Furniture plays a central role in a reoccurring dream. I bet you have the same dream as well. And if you are like me, it wakes you up and keeps you up wondering about such things as proper etiquette.
In my version, I’m a kid back in rural Wisconsin, reliving the weekly ritual dinner at the grandparents house. Grandma has just called us in for dinner as I enter the house I see two rooms – the formal dining room with the big adult table set for the meal and the family room with small cardboard tables set up for the children. I really want to sit with the adults at the big table, yet as I enter the house I see grandma is deciding where to send me.
That scene happened a long time ago yet the big or small table drama still plays out in the world of work as talent professionals yearning to “have a seat at the table”. In other words, we strive to be in the company of senior leaders and be an influential peer in enterprise decisions. It means to champion the work of talent management with an equal standing to the other functional and business initiatives as priorities are set and resources are allocated. The big table is the place to be.
Unfortunately, we often find ourselves directed to the small table in the other room, where we languish with fellow ‘second-class’ workers, equally passionate about their areas but lacking the credentials and status for the big table. Worse yet, some of us were sent back to the small table or are unaware that they aren’t ready for moving up. All in all, it’s a professional nightmare.
As I awake from my furniture dream, I often think about how leaders I admire conduct themselves in big table settings. Above all else, I see four table manners which matter most:
- Sit Up Straight – There is a confident posture leaders assume at the big table. We need to drop the humble, ‘being of service only’ slouching tolerated at the kids table. Expect to be respected. You have high impact, high value contributions your organization desperately needs to succeed. Even if you don’t feel confident right now, act like you are a confident peer at the big table. It will come over time.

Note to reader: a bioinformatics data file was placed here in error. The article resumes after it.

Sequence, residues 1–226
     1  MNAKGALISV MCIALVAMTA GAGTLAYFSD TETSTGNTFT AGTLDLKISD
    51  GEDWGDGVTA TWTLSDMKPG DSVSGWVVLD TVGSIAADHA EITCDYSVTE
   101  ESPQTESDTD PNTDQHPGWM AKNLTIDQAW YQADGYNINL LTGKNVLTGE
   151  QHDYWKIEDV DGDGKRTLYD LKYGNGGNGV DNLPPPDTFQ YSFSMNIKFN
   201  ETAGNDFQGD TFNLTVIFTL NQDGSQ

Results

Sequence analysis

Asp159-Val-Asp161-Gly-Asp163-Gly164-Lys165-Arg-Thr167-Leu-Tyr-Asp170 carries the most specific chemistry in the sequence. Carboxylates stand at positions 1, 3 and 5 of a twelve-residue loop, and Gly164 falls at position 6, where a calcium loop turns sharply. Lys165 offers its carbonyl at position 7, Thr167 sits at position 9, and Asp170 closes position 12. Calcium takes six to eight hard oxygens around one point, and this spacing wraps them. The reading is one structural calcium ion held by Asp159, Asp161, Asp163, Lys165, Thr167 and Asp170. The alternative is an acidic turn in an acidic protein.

- No Elbows on the Table – Over-advocating for your area is much like the inappropriate elbow pose at the table. I once saw a junior manager standing in for his boss at a senior meeting make a repeated mistake of injecting the importance of his functional initiative over three different agenda topics. It was his only guest appearance with the senior team. Assume the attitude of “business first and my function second” at the big table. You are there to solve business problems and achieve business strategic objectives. If visitors were observing the senior leadership team meeting, act in such a way that they couldn’t point out the talent management person in the room as everyone is talking about the business first.
- Eat Your Vegetables – In order to engage fully in the broad spectrum of business issues and strategies, you’ll have to invest in knowing all aspects of the organization. Just being interested in your narrow functional domain is kids table talk. I’ve found the attribute of business-wide curiosity and developed business acumen to separate the big table contenders vs. pretenders in the talent management field. Staying up on the business is a fundamental – like getting requires amount of daily fruits and vegetables. If that isn’t appetizing to you, then best you enjoy your time at the small functional table.
A final table manner lesson I’ve learned runs counter to proper social etiquette and would not make grandma happy: invite yourself to the big table. Early in my career, a challenging boss taught me to be aggressive about getting into the business discussions and meetings – even if not initially considered to be on the invite list. To do that, I had to be clear about what value I could bring to the key meetings – my offer – and then ask or find a way to get in the room.
While at first sounding risky, it turned out to be one of the most valuable lessons of all. Unlike my dream, it isn’t grandma – or the senior leader – who ultimately decides which table we sit. It’s how we conduct ourselves as confident, assertive and well mannered business leaders that count.
© Kevin D. Wilde